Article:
I’m graduating from a 10-year class in acceptance, held in my little 800 sq ft summer-cabin-turned-year-round-residence. 84 years old, it lists port-side toward the lake, floods regularly and has a living room couch as both dining room table AND business office. While most of my friends have been in their “grown up house” for years now, I’ve remained in my “college student” house, largely due to student loans.
As an Enneagram Four, my perceptual bias is toward what is missing, with a nice bit of comparing myself to others, and a tendency to start sentences with “If only….” (also known as the cardinal sin of Envy). This is a crappy bias to have, as it makes every single moment NOT good enough. There has not been a greater place for me to work on this than in my cute but seriously challenged house.
10 years ago, when I first moved in, all I saw was the cuteness. There was my adorable little fireplace, the view of the lake, the local pair of swans and the retired GM worker turned lawn-guy riding his John Deere tractor down the street in blue jean overalls. What a quaint little town and cottage! That didn’t last long. Years followed where all I saw was the inability to throw a dinner party, the 1927 ‘summer cabin’ architecture, and the 65+ years of “do it yourself” renovations made by owners who knew about as much as I do about home improvement (think duct tape and wire coat hangers – I’m serious). The swans attacked me in my kayak, the neighborhood developed a serious substance abuse problem, and the basement flooded with calendar precision each spring.
Add one goofy labrador retriever, one black cat, one husband & all of his possessions and suddenly we were looking like candidates for the show “Hoarding”. The dog became adept at backing out of rooms, as there wasn’t enough room to turn around. We humans got good at bumping into each other multiple times a day without taking it personally. Our hips & shoulders sported perpetual bruises from banging into the edges of furniture and doorways. We had not been out of each others physical view in over five years, and THAT makes for some creative marriage management.
Through it all, I practiced my acceptance, and wrestled my awareness out of what is missing, and into what is present. Being-here-now, breathing, and too many gratitude lists to count eventually paid off with some honest moments of peace. At first, it was if I’d shift into an alternative reality for just a second or two, where suddenly my couch/dining room table/office was a fine place to sit. There would be moments where the whole living room would suddenly be more cute than crowded. Just as quickly, the moments vanished, and I was back in the sinking shoe-box.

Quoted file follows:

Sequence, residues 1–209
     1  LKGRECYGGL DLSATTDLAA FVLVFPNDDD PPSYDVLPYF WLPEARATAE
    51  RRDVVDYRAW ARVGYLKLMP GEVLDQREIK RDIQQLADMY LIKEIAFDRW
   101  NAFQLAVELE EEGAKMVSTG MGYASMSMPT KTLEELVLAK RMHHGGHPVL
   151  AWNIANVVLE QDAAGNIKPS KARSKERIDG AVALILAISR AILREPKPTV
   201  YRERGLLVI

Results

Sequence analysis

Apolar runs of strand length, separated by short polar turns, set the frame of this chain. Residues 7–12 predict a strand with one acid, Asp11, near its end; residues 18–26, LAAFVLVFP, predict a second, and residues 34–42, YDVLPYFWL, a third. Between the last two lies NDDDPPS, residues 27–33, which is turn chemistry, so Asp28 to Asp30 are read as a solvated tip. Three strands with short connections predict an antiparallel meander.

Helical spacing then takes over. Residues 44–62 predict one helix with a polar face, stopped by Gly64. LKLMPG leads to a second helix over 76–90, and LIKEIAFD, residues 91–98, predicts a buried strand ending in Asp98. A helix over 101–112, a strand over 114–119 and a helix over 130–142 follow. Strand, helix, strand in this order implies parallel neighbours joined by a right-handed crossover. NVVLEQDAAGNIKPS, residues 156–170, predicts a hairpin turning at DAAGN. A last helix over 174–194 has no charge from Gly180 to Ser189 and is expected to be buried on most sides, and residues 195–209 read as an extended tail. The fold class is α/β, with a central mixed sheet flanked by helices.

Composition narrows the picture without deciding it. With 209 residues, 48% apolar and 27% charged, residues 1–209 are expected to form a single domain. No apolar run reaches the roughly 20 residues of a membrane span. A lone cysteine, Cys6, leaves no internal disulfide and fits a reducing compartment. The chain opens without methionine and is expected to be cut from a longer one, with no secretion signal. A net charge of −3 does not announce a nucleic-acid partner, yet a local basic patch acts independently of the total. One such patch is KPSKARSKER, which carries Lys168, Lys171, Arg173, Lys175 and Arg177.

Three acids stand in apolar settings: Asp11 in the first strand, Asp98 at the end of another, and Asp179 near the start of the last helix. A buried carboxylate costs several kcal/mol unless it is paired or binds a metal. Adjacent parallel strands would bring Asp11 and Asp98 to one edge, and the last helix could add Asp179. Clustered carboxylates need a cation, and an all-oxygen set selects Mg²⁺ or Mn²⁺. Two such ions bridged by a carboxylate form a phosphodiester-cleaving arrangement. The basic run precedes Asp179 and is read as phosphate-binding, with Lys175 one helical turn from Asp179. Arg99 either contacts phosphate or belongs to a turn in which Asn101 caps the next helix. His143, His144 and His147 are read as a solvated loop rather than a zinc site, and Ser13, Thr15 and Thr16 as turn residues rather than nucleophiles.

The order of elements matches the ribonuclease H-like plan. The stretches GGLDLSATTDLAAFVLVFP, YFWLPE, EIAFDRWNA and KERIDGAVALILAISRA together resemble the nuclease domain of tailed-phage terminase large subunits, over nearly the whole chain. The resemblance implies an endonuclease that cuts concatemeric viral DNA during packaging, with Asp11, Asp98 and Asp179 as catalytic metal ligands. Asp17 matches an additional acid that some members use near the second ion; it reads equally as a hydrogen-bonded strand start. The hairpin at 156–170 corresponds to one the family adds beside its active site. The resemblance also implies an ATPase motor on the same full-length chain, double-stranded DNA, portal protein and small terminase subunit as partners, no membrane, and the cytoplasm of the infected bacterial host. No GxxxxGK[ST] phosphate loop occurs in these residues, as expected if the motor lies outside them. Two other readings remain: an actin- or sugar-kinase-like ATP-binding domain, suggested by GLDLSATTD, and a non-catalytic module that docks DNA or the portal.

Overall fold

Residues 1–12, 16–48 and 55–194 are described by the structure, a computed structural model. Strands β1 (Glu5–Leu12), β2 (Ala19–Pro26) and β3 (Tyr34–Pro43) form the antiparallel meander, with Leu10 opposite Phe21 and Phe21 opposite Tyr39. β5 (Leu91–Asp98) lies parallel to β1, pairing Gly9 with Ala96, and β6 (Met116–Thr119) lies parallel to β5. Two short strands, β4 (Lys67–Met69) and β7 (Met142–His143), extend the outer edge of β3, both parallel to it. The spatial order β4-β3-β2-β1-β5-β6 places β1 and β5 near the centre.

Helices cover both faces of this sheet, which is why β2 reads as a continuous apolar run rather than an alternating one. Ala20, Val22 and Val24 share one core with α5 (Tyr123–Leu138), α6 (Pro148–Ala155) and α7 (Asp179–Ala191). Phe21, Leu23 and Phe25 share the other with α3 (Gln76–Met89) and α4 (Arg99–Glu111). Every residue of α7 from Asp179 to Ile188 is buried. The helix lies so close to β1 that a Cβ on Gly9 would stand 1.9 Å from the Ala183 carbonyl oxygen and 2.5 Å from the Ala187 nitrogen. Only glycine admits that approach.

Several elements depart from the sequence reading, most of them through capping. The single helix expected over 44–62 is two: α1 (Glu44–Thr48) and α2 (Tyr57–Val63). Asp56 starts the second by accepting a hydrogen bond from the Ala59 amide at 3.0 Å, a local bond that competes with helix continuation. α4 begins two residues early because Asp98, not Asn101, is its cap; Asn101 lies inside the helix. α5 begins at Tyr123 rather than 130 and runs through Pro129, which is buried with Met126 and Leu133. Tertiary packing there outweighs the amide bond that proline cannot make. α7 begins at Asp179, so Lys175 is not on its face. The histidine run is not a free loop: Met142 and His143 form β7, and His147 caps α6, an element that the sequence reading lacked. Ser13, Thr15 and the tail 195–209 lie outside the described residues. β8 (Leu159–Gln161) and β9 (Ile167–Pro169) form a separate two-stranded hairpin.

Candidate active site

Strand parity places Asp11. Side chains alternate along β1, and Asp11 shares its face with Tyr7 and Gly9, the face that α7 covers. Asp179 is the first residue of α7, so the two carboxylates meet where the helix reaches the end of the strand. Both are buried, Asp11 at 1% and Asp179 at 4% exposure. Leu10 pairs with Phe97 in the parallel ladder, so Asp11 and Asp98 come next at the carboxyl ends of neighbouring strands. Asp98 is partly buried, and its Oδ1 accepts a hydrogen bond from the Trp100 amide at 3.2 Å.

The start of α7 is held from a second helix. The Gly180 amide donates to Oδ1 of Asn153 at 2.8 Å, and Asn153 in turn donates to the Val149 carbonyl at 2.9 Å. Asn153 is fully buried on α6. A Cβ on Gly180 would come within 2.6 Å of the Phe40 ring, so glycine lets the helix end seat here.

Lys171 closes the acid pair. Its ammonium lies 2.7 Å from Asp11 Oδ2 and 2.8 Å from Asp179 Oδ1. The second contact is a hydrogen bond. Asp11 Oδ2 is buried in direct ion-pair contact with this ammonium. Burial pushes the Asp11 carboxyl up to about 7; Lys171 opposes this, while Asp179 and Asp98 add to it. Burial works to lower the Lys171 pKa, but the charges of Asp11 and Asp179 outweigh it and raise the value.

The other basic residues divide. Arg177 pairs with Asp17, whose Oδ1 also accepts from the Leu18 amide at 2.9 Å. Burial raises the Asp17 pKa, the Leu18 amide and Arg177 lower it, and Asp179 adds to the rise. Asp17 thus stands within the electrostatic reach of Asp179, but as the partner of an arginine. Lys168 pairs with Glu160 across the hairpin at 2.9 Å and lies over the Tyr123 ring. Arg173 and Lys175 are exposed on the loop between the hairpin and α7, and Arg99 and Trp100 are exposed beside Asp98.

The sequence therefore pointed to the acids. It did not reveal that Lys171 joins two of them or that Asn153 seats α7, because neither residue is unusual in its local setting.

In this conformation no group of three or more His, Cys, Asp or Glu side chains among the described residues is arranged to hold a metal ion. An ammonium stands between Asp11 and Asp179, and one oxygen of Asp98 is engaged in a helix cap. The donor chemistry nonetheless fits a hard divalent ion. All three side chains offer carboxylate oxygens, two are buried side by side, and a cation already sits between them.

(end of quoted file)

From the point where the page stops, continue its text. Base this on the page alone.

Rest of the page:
Over time, the balance shifted, until most of the time I resided in “enoughness.” Only occasionally did I curse the house in anger, or dissolve into self-pity and tears. How I felt about the house became a spiritual litmus test. If I could see the messy crowdedness as proof of a life well lived and full of love, I was doing ok. When I avoided having people over because I was too ashamed, I knew I needed to do some work on myself. It was like the couch was an accept-o-meter, measuring my ability to reside in the here-and-now with an open grateful heart.
About then, we started looking for a new house.
Have you ever noticed that once you put your notice in at a job, you suddenly can’t stand it there anymore? So it was while looking at newer, bigger houses. Our little cabin seemed smaller, darker and older each time we returned. We would walk around houses double and triple the size of ours (which only made them 1600-2400 sq ft, not huge by any means) and wonder how on earth we’d fill it all up.
We managed. Managed to find a house we adore, with high ceilings, whole walls of windows, room enough to walk and do yoga and put books on shelves, and our own little half acre of nature, including trees, water, deer, and all kinds of bugs, critters and plants.
Now there is a thawing in my heart, as I discover that I am not the lazy slob I assumed I was. In fact, I love cleaning, and I love love love putting things away in places they fit into without a struggle, with doors and drawers that close fully on well oiled rails and hinges. The dog and I can wrestle on the floor! I am typing at a proper desk! There’s a dining room table (in the dining room, of all places)!
As I get to know this new version of myself – myself with room to grow in – I believe that the Universe only gave me this house because I was able to accept the previous one. Finding peace in the moment somehow allowed the moment to shift.
And hence I graduate… into a bigger house, and more importantly into a bigger knowing of what I can create when I stop trying.